Ralph, a British schoolboy who is the boys’ chief until Jack weans them away and turns Ralph into their prey. Ralph is the chief spokesman for civilized values in the novel. It is Ralph who finds the conch shell that comes to symbolize order and Ralph who advocates building shelter and keeping a fire going. The son of a naval officer, Ralph is dedicated to duty and the hope of eventual rescue. For Ralph, keeping a fire going is almost an obsession, and it is ironic that the fire set at the end of the novel to drive him out of hiding attracts the ship that lands to rescue the boys. At times, however, Ralph is tempted by the allure of barbarism, a conflict apparent early in the novel when he encounters Piggy. First taunting Piggy, then regretting his behavior, he foreshadows his later hesitancy in asserting the values he initially represents. In fact, Ralph is toying with the idea of giving in and joining Jack’s band when he learns that Jack is planning to kill him.
Jack Merridew, another schoolboy, Ralph’s antagonist. Jack is a charismatic leader unable to accept a subservient role in the society created by the boys. He revels in the hunt and the power it confers on him, and he relishes the anarchy accorded the group by the absence of adult supervision. Jack uses fear, ritual, and violence to secure the blind obedience of the other boys. For Jack, superior strength and weaponry, not rules, agreements, and elections, confer leadership. Early in the novel, he lashes out at Piggy, breaking his glasses. It is as if he realizes that Piggy provides the intellectual foundation for Ralph’s leadership and that, without Piggy, Ralph would be malleable.
Piggy, the intellectual of the group, an overweight, nearsighted, asthmatic boy. Piggy is an object of ridicule, suffering the group’s taunts and its contempt. He relies on Ralph for protection but also functions as Ralph’s adviser, refusing to let him forget that survival depends on rules and order. The breaking of Piggy’s spectacles—one lens at a time—symbolizes the breaking of the last link to civilized values, and Piggy’s death represents barbarism and evil triumphant. Moments before his death, Piggy seizes the conch (which, along with Piggy and his spectacles, is smashed by a boulder) and demands that the boys choose between rules and killing, between law and “breaking things up.”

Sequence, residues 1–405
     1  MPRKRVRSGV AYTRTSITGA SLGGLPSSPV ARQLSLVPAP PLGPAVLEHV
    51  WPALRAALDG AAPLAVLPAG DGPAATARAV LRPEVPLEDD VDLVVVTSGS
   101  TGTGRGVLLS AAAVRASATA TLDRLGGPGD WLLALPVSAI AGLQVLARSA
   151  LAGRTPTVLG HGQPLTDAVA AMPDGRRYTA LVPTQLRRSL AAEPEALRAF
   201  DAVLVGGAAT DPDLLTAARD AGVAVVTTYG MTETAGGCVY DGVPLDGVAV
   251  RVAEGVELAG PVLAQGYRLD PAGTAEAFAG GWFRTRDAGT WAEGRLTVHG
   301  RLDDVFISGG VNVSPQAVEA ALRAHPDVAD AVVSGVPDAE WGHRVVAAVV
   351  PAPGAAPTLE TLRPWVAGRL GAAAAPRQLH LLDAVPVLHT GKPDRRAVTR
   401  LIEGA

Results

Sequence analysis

Simon, a strange, introverted boy. Early on, Simon seems aware that something is amiss and withdraws to meditate in a secret hiding place. In a critical scene, he confronts the head of the pig (Jack’s offering to “the beast”) and struggles with the realization that civilization and its trappings are but a flimsy veil thrown over human depravity. Simon discovers the dead parachutist and returns to reveal the true identity of the beast, but he is killed by the frenzied, chanting hunters.
Eric, twins whom the boys call “Samneric.” They are Ralph’s last followers, loyal to the end. Only when captured by Jack and his hunters and subjected to torture do they switch sides. Even then, they warn Ralph of the fate Jack has in mind for him. They are later forced to reveal Ralph’s hiding place.
Roger, one of Jack’s first followers. It is Roger who tips the boulder that crushes Piggy. Although the act itself is a product of a “delirious abandonment” born of the violence and excitement of the moment (Ralph and Jack fighting), it confers on Roger the status of executioner, a role he seems to accept and even relish.